Join us on June 18, 2016 as we open the COMMUNITY FUTURES LAB, which will function as a resource library, community studio and gallery, workshop space, story recording booth, thinktank, experimental space and more.

ALL AGES
Light refreshments
Soundscapes + Projections by BQF
konja sound by Sirius JuJu
reading by Moor Mother
fly life sounds by Alexoteric

When: June 18, 2016
Time: 5-7pm
Where: CFL, 2204 Ridge Ave, Phila PA 19121
Ages: All

If you can’t make it out to the reception, please contact us at communityfutureslab@gmail.com to find out other ways to support or get involved and be sure to follow us on Facebook for updates!! We are also seeking to gather stories from current and former residents of Sharswood and surrounding community, so please spread the word!

Community Futurisms supported in part by A Blade of Grass
http://www.abladeofgrass.org/fellow/black-quantum-futurism/

We have the tea
We have the lemonade
We shall serve
(soon we will bring it to the *real* Paris and watch IT burn)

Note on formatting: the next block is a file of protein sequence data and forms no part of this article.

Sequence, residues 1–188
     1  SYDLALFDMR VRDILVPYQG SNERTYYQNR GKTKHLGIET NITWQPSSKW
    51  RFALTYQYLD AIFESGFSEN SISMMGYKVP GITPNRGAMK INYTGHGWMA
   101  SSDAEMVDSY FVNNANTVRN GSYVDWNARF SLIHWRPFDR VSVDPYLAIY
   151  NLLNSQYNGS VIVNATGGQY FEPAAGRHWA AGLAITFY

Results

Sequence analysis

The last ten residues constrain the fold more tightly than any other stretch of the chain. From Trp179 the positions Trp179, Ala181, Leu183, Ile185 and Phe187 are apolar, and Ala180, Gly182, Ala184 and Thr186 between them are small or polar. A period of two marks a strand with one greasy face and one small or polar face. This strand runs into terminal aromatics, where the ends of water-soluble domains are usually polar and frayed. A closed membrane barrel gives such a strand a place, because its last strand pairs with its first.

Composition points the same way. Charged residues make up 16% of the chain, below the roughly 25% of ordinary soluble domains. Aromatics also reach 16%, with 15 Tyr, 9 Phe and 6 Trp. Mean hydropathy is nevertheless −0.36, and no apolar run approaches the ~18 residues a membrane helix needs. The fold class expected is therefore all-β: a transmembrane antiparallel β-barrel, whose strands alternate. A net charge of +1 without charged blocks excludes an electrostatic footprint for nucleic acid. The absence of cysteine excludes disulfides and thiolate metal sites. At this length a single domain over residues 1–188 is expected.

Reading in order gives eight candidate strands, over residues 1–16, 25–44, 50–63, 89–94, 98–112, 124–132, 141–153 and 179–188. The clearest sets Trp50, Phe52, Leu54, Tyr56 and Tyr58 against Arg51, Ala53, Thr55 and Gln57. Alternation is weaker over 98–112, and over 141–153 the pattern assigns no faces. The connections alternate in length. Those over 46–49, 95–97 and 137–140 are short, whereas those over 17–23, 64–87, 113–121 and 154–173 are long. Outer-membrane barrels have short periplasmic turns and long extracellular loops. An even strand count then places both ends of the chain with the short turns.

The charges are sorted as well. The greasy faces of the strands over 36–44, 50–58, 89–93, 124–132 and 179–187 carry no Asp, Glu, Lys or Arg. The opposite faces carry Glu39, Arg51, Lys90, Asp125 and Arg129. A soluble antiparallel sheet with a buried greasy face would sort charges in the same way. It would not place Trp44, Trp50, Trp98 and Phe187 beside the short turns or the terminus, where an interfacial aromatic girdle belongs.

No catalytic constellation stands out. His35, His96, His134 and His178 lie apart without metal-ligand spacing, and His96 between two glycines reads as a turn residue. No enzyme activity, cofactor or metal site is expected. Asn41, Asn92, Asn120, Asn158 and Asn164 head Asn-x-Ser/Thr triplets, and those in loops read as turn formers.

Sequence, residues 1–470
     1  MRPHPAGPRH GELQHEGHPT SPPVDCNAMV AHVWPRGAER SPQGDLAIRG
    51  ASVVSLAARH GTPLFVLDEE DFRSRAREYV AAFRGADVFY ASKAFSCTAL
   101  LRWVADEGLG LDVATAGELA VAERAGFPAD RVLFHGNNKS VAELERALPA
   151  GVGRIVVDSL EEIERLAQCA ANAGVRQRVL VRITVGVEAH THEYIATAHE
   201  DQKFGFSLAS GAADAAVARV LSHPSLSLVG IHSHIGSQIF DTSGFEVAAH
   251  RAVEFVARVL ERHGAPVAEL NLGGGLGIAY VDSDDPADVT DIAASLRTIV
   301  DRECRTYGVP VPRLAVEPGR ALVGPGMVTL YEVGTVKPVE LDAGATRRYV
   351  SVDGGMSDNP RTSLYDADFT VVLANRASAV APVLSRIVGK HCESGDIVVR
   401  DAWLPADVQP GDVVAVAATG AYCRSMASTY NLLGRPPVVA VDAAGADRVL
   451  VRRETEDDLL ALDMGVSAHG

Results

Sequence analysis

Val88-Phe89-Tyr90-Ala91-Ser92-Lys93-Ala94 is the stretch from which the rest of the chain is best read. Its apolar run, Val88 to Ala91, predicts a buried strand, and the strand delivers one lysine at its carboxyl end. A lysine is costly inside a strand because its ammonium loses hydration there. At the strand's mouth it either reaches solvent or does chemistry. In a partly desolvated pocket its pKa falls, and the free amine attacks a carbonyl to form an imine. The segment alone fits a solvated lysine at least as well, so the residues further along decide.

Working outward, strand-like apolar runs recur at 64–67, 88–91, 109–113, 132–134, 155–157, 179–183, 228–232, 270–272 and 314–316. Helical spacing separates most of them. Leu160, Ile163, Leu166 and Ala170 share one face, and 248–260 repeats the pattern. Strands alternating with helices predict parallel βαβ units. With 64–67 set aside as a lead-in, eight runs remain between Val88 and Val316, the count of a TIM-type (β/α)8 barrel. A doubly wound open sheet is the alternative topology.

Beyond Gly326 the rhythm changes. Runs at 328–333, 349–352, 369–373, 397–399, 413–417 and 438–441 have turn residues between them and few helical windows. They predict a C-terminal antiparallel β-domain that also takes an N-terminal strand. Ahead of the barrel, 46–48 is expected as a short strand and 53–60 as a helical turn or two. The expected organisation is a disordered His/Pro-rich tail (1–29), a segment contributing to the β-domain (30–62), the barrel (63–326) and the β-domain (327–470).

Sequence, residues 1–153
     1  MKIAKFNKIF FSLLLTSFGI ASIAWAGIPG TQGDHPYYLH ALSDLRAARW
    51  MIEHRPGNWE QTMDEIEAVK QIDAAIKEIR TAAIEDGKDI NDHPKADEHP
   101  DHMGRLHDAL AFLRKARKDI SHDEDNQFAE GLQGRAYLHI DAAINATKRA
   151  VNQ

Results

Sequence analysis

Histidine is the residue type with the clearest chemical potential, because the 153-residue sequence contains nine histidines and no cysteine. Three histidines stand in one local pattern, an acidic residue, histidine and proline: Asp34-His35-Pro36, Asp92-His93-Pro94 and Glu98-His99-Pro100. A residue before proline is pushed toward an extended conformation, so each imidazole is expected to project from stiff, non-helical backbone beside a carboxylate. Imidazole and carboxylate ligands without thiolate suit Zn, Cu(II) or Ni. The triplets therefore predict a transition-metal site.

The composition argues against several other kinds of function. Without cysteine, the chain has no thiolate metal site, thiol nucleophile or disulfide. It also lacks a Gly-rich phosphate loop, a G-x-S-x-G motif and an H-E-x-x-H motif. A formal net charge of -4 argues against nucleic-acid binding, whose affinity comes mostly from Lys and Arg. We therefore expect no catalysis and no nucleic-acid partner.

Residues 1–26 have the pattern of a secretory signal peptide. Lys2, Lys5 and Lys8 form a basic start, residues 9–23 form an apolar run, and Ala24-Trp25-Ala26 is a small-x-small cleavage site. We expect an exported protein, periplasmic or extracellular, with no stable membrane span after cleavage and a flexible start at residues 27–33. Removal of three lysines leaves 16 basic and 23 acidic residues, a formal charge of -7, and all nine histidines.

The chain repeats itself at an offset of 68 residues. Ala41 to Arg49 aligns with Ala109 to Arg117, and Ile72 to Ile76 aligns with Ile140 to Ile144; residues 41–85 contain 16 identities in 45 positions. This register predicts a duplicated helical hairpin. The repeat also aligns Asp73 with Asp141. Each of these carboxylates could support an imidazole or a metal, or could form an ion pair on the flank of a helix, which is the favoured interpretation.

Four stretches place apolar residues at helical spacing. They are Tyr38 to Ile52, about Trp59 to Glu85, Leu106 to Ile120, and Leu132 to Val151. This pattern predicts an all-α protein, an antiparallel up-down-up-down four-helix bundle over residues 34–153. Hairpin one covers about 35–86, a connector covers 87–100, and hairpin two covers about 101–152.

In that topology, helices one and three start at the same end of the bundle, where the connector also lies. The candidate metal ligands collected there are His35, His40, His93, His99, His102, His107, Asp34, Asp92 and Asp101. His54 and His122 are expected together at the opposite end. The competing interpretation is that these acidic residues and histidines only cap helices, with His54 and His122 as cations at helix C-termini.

Sofistifunk meets Chrome City! FLY LIFE!

AURA! JOHN MORRISON! ALEX! DUIJI 13! ICON EBONY FIERCE! We here ya’ll!!

**this is an lgbtq function. no misogyny or homophobia tolerated, queer love and expression celebrated**

We have the tea
We have the lemonade
We shall serve
(soon we will bring it to the *real* Paris and watch IT burn)

Sofistifunk meets Chrome City! FLY LIFE!

AURA! JOHN MORRISON! ALEX! DUIJI 13! ICON EBONY FIERCE! We here ya’ll!!

**this is an lgbtq function. no misogyny or homophobia tolerated, queer love and expression celebrated**

“SCI-FI AS MEMOIR IN THE REALITY OF APOCALYPSE”

(1) #SOFTTARGETS WAS A DAY OF WRITING CRITIQUES + WORKSHOPS + PERFORMANCES ON A SATURDAY AFTERNOON AT THE PHILADELPHIA FREE LIBRARY CENTRAL BRANCH.

This was an day-long event held in preparation for the submission deadline to APIARY Magazine’s 8th issue and collaboration with our collective, themed SOFT TARGETS. APIARY is a volunteer-run, freely distributed literary magazine based in and featuring Philadelphia writers. Before METROPOLARITY got started, Ras was one of the fiction editors for the mag. APIARY’s staff has always supported us, and we’ve been meaning to do some sort of collaborative effort ever since. So the SOFT TARGETS issue is a sci-fi one collaboratively edited by us at METROPOLARITY, along with the standing editors at APIARY.